Bad Medicine: The Prescription Drug Industry in the Third World

By Milton Silverman; Mia Lydecker et al. | Go to book overview

Chapter 6
THE CASE OF THE DEADLY PREGNANCY TEST

In the early 1950s a small team of scientists at the Worcester Institute for Experimental Biology in Massachusetts began to search for a treatment to aid women who were eager to bear a child but could not become pregnant. For working materials, they turned to an assortment of so-called female sex hormones. For the first time, thanks in large part to the brilliant work of chemists at Mexico's Syntex Laboratories, these complex substances had become abundantly available at relatively low cost. Some duplicated the sex hormones occurring in nature; others were chemical relatives.

By 1955 the work at Worcester had progressed to the point at which the first human field trials could be set up, in Puerto Rico. Within a few years these and later trials had been so dramatically successful that the new products--effective when taken by mouth--had won virtually worldwide acceptance. They enabled drug companies to make remarkable profits, revolutionized a significant part of family life--and the practice of medicine--and created unprecedented social, clinical, religious, and even political controversy.

Astonishingly, the products that achieved such notable success offered no aid and comfort to women who wanted to become mothers. They had, in fact, a completely opposite effect: they could prevent pregnancy. They were the first oral contraceptives. Almost from the

-107-

Notes for this page

Add a new note
If you are trying to select text to create highlights or citations, remember that you must now click or tap on the first word, and then click or tap on the last word.
One moment ...
Default project is now your active project.
Project items
Notes
Cite this page

Cited page

Style
Citations are available only to our active members.
Buy instant access to cite pages or passages in MLA 8, MLA 7, APA and Chicago citation styles.

(Einhorn, 1992, p. 25)

(Einhorn 25)

(Einhorn 25)

1. Lois J. Einhorn, Abraham Lincoln, the Orator: Penetrating the Lincoln Legend (Westport, CT: Greenwood Press, 1992), 25, http://www.questia.com/read/27419298.

Note: primary sources have slightly different requirements for citation. Please see these guidelines for more information.

Cited page

Bookmark this page
Bad Medicine: The Prescription Drug Industry in the Third World
Table of contents

Table of contents

Settings

Settings

Typeface
Text size Smaller Larger Reset View mode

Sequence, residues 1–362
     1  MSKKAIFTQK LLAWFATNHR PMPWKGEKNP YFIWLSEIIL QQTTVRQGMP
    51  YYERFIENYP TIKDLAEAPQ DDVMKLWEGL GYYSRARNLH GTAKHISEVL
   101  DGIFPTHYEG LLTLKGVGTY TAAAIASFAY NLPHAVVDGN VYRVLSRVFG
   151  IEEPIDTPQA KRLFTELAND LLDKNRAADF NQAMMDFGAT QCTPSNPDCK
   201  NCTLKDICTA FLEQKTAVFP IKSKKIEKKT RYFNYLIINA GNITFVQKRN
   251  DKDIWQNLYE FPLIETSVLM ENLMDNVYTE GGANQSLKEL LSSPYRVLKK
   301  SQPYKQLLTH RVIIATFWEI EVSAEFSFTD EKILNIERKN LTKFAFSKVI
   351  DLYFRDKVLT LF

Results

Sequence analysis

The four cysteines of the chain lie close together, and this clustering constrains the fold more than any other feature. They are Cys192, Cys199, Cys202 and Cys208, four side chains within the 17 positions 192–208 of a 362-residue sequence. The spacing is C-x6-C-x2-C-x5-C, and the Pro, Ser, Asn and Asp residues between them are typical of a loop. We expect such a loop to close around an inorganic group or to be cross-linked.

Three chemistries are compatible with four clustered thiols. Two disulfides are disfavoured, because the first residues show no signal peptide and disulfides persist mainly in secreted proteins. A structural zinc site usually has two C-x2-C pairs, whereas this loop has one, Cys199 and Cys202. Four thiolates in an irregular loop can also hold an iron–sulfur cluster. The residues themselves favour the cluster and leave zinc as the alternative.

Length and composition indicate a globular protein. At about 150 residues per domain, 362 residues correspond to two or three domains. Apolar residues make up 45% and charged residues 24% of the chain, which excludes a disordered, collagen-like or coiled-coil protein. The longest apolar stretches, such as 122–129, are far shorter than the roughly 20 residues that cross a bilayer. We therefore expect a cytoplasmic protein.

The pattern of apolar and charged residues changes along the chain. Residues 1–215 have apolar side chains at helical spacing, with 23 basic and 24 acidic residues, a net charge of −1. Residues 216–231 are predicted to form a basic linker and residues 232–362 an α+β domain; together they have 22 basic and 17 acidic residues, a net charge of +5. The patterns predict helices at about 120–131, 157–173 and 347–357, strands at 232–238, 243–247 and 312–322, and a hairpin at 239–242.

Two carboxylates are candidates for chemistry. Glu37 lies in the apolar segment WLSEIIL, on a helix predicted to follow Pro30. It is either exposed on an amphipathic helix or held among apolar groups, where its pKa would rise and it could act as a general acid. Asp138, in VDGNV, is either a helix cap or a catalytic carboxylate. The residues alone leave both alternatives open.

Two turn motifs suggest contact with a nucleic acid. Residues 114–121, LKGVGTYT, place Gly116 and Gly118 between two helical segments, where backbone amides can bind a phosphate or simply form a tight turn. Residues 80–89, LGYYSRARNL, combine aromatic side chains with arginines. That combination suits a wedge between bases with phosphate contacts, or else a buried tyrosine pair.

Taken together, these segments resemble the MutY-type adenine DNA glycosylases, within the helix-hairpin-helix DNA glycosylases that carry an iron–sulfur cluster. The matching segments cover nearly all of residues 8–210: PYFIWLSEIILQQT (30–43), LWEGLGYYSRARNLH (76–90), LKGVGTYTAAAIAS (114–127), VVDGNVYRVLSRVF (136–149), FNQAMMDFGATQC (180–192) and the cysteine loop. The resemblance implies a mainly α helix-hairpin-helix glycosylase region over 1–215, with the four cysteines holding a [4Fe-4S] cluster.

Search within

Search within this book

Look up

Look up a word

  • Dictionary
  • Thesaurus
Please submit a word or phrase above.
Print this page

Print this page

Why can't I print more than one page at a time?

Help
Full screen
Items saved from this book
  • Bookmarks
  • Highlights & Notes
  • Citations
/ 358

matching results for page

    Questia reader help

    How to highlight and cite specific passages

    1. Click or tap the first word you want to select.
    2. Click or tap the last word you want to select, and you’ll see everything in between get selected.
    3. You’ll then get a menu of options like creating a highlight or a citation from that passage of text.

    OK, got it!

    Cited passage

    Style
    Citations are available only to our active members.
    Buy instant access to cite pages or passages in MLA 8, MLA 7, APA and Chicago citation styles.

    "Portraying himself as an honest, ordinary person helped Lincoln identify with his audiences." (Einhorn, 1992, p. 25).

    "Portraying himself as an honest, ordinary person helped Lincoln identify with his audiences." (Einhorn 25)

    "Portraying himself as an honest, ordinary person helped Lincoln identify with his audiences." (Einhorn 25)

    "Portraying himself as an honest, ordinary person helped Lincoln identify with his audiences."1

    1. Lois J. Einhorn, Abraham Lincoln, the Orator: Penetrating the Lincoln Legend (Westport, CT: Greenwood Press, 1992), 25, http://www.questia.com/read/27419298.

    Cited passage

    Thanks for trying Questia!

    Please continue trying out our research tools, but please note, full functionality is available only to our active members.

    Your work will be lost once you leave this Web page.

    Buy instant access to save your work.

    Already a member? Log in now.

    Search by... Author
    Show... All Results Primary Sources Peer-reviewed

    Oops!

    An unknown error has occurred. Please click the button below to reload the page. If the problem persists, please try again in a little while.